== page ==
Inconsistent Propositions


It was said that when mathematician and philosopher Bertrand Russell (1872-1970) was at a dinner party, he stated that “it is useless talking about inconsistent things, from an inconsistent proposition you can prove anything you like.” This can be illustrated using mathematical methodologies as simple as algebra. However, Russell was too good for just using petty algebra tricks.

Thus, when someone exclaimed, “Yeah, right. Can you prove it?”

Russell replied, “Name an inconsistent proposition.”

“All right, how about 2 = 1?” the man said.

“That’s good enough,” Russell remarked, “what do you want me to prove?”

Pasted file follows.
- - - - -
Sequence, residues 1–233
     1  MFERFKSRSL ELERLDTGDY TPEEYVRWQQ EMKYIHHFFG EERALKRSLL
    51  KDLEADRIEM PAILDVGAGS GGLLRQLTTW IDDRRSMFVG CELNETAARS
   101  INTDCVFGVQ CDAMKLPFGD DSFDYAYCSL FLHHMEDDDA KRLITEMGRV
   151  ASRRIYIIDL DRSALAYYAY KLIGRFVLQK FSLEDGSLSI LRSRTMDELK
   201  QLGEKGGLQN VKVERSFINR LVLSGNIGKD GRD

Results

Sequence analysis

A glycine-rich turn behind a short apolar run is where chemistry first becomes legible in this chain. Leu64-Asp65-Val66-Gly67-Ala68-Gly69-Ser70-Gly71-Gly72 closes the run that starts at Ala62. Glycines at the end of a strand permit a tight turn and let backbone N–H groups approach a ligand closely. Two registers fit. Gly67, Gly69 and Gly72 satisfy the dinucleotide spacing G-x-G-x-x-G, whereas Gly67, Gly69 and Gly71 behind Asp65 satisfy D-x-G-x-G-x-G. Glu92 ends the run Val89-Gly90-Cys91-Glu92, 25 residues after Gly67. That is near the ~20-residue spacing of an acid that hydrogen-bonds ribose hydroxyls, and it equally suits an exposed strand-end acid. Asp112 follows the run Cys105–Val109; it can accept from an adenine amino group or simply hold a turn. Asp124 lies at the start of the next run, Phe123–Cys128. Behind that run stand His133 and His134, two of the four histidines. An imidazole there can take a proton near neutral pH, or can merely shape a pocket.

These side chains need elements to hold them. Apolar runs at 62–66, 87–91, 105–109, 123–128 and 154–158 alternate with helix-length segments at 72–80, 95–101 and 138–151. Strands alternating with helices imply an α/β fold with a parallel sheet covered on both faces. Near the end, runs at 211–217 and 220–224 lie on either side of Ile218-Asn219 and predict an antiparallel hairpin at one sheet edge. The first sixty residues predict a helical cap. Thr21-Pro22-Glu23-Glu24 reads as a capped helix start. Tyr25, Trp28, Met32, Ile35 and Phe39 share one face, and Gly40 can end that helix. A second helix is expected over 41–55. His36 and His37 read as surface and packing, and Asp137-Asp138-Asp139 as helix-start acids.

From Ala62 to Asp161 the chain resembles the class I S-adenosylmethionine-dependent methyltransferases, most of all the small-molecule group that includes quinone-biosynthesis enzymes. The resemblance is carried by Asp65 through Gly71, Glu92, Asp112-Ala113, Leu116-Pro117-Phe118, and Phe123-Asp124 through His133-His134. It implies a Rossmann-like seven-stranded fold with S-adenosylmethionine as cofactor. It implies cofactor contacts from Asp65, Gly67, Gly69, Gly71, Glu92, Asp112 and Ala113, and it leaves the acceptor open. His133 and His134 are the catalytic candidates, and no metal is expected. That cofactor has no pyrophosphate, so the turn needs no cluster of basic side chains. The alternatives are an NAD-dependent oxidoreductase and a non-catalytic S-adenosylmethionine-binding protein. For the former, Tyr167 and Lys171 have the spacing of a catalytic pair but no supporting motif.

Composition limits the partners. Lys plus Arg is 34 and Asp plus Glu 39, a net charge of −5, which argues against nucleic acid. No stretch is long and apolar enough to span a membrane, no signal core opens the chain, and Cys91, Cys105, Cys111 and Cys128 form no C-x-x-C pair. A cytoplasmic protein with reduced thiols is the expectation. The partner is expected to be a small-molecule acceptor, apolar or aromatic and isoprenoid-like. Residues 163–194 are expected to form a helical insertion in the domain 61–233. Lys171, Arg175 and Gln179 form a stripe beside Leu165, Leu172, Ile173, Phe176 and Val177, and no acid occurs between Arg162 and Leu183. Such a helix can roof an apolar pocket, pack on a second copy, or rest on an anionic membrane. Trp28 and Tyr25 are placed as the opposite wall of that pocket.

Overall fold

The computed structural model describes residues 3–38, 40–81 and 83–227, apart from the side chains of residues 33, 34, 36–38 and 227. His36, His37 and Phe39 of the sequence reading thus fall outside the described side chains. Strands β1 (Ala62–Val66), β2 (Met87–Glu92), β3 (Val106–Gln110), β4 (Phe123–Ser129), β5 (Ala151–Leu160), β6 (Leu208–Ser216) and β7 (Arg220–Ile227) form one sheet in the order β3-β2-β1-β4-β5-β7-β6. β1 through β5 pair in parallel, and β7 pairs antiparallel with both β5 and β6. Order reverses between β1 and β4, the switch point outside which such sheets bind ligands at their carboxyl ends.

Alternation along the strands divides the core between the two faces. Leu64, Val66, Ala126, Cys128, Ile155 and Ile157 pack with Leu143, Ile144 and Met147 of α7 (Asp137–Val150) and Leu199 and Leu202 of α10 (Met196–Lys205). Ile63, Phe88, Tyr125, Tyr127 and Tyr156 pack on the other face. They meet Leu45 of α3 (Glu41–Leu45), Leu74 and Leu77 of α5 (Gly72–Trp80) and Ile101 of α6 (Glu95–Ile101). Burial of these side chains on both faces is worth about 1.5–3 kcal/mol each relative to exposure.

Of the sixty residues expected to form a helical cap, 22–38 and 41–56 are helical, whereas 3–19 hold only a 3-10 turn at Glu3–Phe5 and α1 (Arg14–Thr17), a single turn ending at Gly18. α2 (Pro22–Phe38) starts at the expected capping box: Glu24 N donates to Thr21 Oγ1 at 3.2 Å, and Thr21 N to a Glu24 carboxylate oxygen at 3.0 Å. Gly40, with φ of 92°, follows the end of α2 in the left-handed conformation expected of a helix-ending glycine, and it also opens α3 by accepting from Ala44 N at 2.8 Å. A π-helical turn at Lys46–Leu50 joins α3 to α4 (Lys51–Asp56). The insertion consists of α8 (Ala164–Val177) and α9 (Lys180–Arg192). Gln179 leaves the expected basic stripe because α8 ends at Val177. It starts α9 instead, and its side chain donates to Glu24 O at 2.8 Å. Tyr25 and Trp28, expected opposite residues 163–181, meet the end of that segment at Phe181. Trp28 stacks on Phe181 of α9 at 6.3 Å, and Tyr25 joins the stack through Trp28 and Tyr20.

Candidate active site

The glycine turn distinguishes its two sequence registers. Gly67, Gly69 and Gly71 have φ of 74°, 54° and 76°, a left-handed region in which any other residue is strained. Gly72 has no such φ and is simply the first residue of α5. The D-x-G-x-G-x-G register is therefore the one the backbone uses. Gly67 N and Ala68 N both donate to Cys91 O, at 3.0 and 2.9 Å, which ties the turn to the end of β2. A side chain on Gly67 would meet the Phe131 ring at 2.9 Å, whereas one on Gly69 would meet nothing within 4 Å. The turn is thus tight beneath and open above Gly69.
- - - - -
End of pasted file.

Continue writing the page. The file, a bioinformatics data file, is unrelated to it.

“I want you to prove that you are the pope,” the man challenged.

“That’s easy,” Russell said, “the pope and I are two, but two equals one, therefore, the pope and I are one.”

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My name Edmark M. Law. I work as a freelance writer, mainly writing about science and mathematics. I am an ardent hobbyist. I like to read, solve puzzles, play chess, make origami and play basketball. In addition, I dabble in magic, particularly card magic and other sleight-of-hand type magic. I live in Hong Kong. You can find me on Twitter` and Facebook. My email is

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